As the flock of ducks charged with waking you every morning begins its familiar chorus of quacks, you jump out of Mary’s bed and sprint on the tips of your toes to the messy heaps of discarded clothing at the foot of the bed. You hunt for your jeans and the phone hidden in the pocket, and after silencing the birds you are relieved to see that Mary is still asleep, her slight nose whistle still intact and her hair only slightly ruffled. You pull yesterday’s pink pinstriped boxers up to your waist before tiptoeing to the bathroom down the hall to the bathroom.
Tip 77: The Morning After Is Never How You Imagine It Will Be
Ideally, a post-coital morning eases into its being, with one party arising early to make coffee and take in the crisp morning air while the other sleeps soundly. This is followed by a trip to a farmer’s market or street fair of some sort where you share a bag of kettle corn and some fresh fruit until ultimately you gather enough ingredients for a light picnic brunch, something similar, in fact nearly identical, to the morning after scene in Sideways. This never happens.
Emma sleeps for another hour, waking to find you leaning against the headboard, reading, and twirling your hair with one of the teal chopsticks from her dresser.
“Oh my gosh,” she says sleepily.
Emma stretches until her sternum softly pops. She brushes her hair out of her eyes and pulls the sheet back over her waist before she rolls over and rests her head on your stomach.
“You need to let your hair grow out a little more before those will stay babe.”
“Good morning,” she says.
“Good morning,” you reply, closing the book.
“What if I’m pregnant already?” she asks with her playful smile.
You pull the chopstick away from your hair, hold the base gently between your thumb and index finger and place the tip against the small pooch of Emma’s stomach before you whisper, “Abortio.” The laugh you had imagined does not come. You wait for her to pull away, to roll over, or to ask you to leave, but Emma rubs her temple across your stomach as if to relieve an itch.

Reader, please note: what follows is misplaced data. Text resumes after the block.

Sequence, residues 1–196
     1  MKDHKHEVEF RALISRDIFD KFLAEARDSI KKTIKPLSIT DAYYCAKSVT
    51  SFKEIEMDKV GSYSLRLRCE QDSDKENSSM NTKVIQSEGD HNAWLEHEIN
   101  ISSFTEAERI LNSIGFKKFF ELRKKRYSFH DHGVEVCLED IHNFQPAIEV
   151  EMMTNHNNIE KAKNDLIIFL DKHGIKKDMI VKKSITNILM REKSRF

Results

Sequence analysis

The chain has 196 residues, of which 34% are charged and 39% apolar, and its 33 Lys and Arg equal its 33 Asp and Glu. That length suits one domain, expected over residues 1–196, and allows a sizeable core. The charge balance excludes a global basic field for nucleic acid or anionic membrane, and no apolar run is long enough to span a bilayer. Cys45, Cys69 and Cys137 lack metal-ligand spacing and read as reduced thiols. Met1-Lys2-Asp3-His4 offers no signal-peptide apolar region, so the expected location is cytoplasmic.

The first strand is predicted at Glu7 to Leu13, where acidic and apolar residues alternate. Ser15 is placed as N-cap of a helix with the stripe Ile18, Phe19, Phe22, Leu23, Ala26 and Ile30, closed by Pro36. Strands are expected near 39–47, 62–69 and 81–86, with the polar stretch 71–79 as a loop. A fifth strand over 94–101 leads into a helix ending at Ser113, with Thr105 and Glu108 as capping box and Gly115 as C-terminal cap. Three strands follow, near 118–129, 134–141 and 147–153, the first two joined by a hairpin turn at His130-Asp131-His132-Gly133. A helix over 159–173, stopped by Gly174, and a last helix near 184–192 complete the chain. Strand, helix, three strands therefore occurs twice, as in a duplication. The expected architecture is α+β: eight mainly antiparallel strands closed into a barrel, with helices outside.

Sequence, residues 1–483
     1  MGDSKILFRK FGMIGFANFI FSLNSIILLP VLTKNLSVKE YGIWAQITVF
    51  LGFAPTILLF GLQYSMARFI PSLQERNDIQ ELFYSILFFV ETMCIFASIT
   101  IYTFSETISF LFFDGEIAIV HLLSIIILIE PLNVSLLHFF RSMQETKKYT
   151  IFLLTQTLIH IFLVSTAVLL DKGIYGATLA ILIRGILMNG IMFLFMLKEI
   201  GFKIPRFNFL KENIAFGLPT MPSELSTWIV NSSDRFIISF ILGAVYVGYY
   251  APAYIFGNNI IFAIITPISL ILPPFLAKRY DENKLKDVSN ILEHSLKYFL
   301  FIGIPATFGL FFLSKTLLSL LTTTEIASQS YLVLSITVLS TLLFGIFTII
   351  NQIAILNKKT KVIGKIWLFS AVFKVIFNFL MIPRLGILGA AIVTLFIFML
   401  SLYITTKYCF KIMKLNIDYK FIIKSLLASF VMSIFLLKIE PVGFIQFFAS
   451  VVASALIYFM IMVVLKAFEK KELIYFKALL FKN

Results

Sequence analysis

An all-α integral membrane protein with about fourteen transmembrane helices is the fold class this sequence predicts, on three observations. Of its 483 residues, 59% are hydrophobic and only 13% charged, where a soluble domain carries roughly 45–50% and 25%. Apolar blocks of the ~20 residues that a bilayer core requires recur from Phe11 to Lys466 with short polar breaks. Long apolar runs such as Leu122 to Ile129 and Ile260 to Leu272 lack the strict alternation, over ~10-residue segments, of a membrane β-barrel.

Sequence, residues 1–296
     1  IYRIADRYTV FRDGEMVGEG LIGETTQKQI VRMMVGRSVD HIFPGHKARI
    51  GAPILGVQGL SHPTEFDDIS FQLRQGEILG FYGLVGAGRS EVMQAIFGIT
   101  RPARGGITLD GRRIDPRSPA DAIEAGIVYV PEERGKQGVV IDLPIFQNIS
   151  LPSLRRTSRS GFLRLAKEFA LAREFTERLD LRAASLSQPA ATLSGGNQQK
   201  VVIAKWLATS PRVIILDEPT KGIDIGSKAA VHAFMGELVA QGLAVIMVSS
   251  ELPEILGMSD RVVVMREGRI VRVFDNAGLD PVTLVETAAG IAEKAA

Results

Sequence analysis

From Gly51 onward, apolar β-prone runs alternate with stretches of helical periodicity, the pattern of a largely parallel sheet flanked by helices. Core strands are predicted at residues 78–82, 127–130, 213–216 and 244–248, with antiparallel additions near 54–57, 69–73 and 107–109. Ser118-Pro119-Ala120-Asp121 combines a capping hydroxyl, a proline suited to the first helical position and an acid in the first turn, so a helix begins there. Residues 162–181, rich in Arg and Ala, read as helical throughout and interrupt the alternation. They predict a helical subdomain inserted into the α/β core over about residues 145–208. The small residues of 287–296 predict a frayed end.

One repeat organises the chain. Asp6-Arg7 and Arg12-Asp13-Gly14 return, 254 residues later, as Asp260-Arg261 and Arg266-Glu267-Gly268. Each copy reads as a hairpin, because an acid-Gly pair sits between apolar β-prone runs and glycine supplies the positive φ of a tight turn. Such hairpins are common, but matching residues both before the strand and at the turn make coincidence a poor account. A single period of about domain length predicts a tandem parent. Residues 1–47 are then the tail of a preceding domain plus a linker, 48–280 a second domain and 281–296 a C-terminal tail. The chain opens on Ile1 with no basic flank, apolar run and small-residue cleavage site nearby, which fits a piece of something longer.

“Sorry,” you say tucking the chop stick behind your ear. “I was trying to be funny.”
“I know. So was I. We’re probably off before ten or something.”
“Maybe,” you say. “I wouldn’t use an abortion spell on our baby.”
“Good,” she giggles.
“Do you want to go get breakfast?”
“Not really,” she says.
“I could make pancakes.”
“I don’t have any more milk.”
“Are you mad?”
Emma sits up and places her pillow behind her back. She picks the crud from the corners of her eyes, flicking the crusty flakes toward the floor.
“You’re not bored with me already are you?” she asks.
“Good. I have a plan for the day, but I wasn’t expecting you to have your boxers on already. It throws off my timing,” she smiles.
Tip 56: You Have To Let Someone, Aside From Your Mother, Take Care Of You
All day you have felt that every movement, every look, every sentence had been hindered by the pull of your abortion comment. You watched your words, and said very little. You stared at Emma to the point of her feeling uneasy about it and blushing. The natural ease that you had been blown away by the day before was gone, and you were certain it would never return
That morning, even with the condom firmly in place, Emma sought constant updates of the approaching peak you both worked toward, and even after assuring her that you were nowhere near the apex she suddenly wriggled out from beneath you to coax out the dangerous droplets with her hand, physically confirming the hurt you knew that you had caused minutes earlier. She smiled at you as she tossed the condom into the wastebasket near the bed, rested against your chest after, assuring you that she’d finished long before you. She kissed you before asking if you wanted to share a shower, but as you watched Emma work her coconut shampoo into her hair you knew she was at the least disappointed in your response to the idea of her pregnancy, but more likely angry. You felt that the water rolling over your face fell not from the shower but the small cloud gray cloud which had begun forming over you and Emma since your joke left your mouth that morning.